Head Coachleanne-01
Maple Ridge

Former Kalev and Sport Seneca National/International Level Competitor
Member of Canadian group, World Championships, with coaches Tamara Bompa, Liliana Dimitrova & Evelyn Koop
National Coaching Certification Program, Level II Coach
Former elementary school teacher and mother of two dancers/rhythmic gymnasts
Club Adagio Head Coach, Maple Ridge Program (2001-2006)


Level II NCCP certified coach in rhythmic gymnastics
B.Sc. University of Toronto
B.Ed. University of Toronto, Elementary School Teacher Certification
Aesthetic Group Gymnastics (AGG) Coaches/Judges Course, Toronto 2004
Kids CanMove Instructor Training, 2004


Over 30 years of coaching and administrative experience in both artistic and rhythmic gymnastics at the competitive, recreational and community education level
Taught Rhythmic Gymnastics to Special Olympic Athletes, as after school programmes and in local community/arts centres, and university students
Coach for Zone 3 athletes at BC Games
Represented Ontario in artistic gymnastics nationally at the Canada Games and internationally in the U.S.A. and Europe
Former Canadian National Team member in rhythmic gymnastics, 1977 – 1979 coached by Liliana Dimitrova
Competed at the World Rhythmic Gymnastic Championships in Basel, Switzerland, 1977 (placed 8th in group competition)
Competed at the World Rhythmic Gymnastics Championships in London, England, 1979 (placed 7th in group competition)
Gold medalist at the Four Continents Championships (group competition), 1978
Canadian National Rhythmic Gymnastic Championships, three time gold medalist in group competition, 1977, 1978, 1979
Dance training in ballet (National Ballet School, Lois Smith), classical jazz and modern dance
Presently Coach at Adagio Rhythmic Academy in Maple Ridge and Coquitlam (2001-present)


More about…
Leanne Karpus

I cannot remember a time when I have not been involved in sport as either an athlete or a coach. I am sure my parents enrolled me in gymnastics classes because like many children, I was an active 9-year-old. A new gymnastic club opened in our Toronto neighbourhood and I began lessons.

Soon recreational classes expanded into a competitive programme and then I received an invitation to join the “Winstonettes”, an elite Artistic Gymnastics Club in Toronto. I was fortunate to have excellent coaches and receive top quality training in both gymnastic technique and ballet instruction from the National Ballet School. The Winstonettes provided an environment that instilled the love of sport, competitive drive, and promoted true team spirit and excellence. Hard work was rewarded with trips and tours throughout Canada, the U.S.A., Europe, and participation at the Canada Winter Games- all wonderful experiences. But one of the most rewarding experiences was being asked to coach at the Winstonette Development Programme and I came to look at the sport from a new angle – from that of athlete to that of coach.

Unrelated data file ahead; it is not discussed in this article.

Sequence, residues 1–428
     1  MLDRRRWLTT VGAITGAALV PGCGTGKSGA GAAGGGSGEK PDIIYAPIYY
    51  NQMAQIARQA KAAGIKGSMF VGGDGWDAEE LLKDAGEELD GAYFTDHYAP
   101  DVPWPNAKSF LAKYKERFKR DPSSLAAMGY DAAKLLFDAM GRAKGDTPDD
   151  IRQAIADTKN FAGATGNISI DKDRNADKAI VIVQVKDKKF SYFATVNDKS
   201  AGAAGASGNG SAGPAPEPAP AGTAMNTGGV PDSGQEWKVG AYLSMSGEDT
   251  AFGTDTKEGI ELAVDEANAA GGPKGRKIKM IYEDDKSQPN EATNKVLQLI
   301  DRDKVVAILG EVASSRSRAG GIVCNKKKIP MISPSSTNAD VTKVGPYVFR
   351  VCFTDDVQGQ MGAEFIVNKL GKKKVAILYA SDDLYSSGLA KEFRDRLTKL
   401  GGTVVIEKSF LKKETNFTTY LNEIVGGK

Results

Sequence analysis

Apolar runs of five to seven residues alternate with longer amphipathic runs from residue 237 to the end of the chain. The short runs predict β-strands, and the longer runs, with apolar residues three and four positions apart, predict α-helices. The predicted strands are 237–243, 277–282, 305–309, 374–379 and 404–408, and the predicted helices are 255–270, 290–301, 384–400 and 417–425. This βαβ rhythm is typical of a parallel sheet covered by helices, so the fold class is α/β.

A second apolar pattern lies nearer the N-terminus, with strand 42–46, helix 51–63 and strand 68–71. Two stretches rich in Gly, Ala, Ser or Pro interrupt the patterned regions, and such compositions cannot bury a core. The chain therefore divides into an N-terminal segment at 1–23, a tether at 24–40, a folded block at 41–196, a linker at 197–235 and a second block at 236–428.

I retired from my sport feeling fearful of many difficult moves on the balance beam but continued to keep active. I had been taking ballet and other dance forms since age 7 to complement my gymnastics training but now I began to focus all my efforts on learning as much ballet, jazz, and modern as possible for my own enjoyment. I loved dance but missed the competitive environment of gymnastics. It had been enjoyable for me to spend long hours in the gym and I liked the intense repetition needed to perfect each element. Rhythmic Gymnastics became the ideal place for me to combine the athletic skills learned in artistic gymnastics with the creativity and artistic elements from my dance background- a unique blend of sport and art. Now, began the challenge of learning the technique of the hand held apparatus to complete the transition from gymnastics to dance to rhythmics. After many hours of practice, I was invited to train with the Canadian National Team coached by Liliana Dimitrova and eventually I became a member of the national team in group competition competing at the Pacific Championships, two World Championships (England and Switzerland), the Four Continents Championships, and provincial and national competitions. It was hard work but very rewarding and provided me with experiences I will always remember and friendships that will last forever.

Upon retirement, I completed a B.Sc. and B.Ed. in elementary education at the University of Toronto. Yet gymnastic involvement did not end there. Throughout both my high school and university years and even beyond, after I had a family of my own, I continued to teach artistic and rhythmic gymnastics- both recreational and display/competitive groups.

Regardless of the nature or level of the class, I have never lost sight of the fact that it is a privilege to teach and I try to approach each new group as an opportunity where participants have the chance to work toward reaching their own potential and goals. Involvement in sport is an ideal environment to pursue this feeling of achievement. Rhythmic Gymnastics specifically, is a wonderful activity for young and old alike, for the recreational participant seeking a healthy lifestyle in a movement based activity or the elite athlete training intensively for international competition. I have been with Club Adagio in Vancouver for two years and I am fortunate to be involved in such a supportive organization with the opportunity to share my knowledge and love of the sport.